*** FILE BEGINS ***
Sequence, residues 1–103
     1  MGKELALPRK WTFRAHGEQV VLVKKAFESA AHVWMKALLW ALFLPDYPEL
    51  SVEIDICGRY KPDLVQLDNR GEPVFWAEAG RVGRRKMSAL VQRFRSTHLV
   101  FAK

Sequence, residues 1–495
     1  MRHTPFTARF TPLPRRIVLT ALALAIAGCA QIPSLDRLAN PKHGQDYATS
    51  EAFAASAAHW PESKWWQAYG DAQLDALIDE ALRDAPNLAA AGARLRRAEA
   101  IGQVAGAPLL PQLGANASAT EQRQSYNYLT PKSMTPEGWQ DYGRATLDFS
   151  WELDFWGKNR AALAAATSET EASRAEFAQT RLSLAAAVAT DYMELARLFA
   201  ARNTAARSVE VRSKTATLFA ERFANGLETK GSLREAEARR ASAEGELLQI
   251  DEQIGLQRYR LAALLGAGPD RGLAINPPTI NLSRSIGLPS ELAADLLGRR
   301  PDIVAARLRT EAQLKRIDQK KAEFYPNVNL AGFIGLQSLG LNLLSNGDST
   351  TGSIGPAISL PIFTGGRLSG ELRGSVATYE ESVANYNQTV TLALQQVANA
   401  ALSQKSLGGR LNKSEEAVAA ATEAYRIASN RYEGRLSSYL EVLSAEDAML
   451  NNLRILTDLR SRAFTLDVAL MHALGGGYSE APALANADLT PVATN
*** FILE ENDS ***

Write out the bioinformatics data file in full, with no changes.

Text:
Sequence, residues 1–103
     1  MGKELALPRK WTFRAHGEQV VLVKKAFESA AHVWMKALLW ALFLPDYPEL
    51  SVEIDICGRY KPDLVQLDNR GEPVFWAEAG RVGRRKMSAL VQRFRSTHLV
   101  FAK

Sequence, residues 1–495
     1  MRHTPFTARF TPLPRRIVLT ALALAIAGCA QIPSLDRLAN PKHGQDYATS
    51  EAFAASAAHW PESKWWQAYG DAQLDALIDE ALRDAPNLAA AGARLRRAEA
   101  IGQVAGAPLL PQLGANASAT EQRQSYNYLT PKSMTPEGWQ DYGRATLDFS
   151  WELDFWGKNR AALAAATSET EASRAEFAQT RLSLAAAVAT DYMELARLFA
   201  ARNTAARSVE VRSKTATLFA ERFANGLETK GSLREAEARR ASAEGELLQI
   251  DEQIGLQRYR LAALLGAGPD RGLAINPPTI NLSRSIGLPS ELAADLLGRR
   301  PDIVAARLRT EAQLKRIDQK KAEFYPNVNL AGFIGLQSLG LNLLSNGDST
   351  TGSIGPAISL PIFTGGRLSG ELRGSVATYE ESVANYNQTV TLALQQVANA
   401  ALSQKSLGGR LNKSEEAVAA ATEAYRIASN RYEGRLSSYL EVLSAEDAML
   451  NNLRILTDLR SRAFTLDVAL MHALGGGYSE APALANADLT PVATN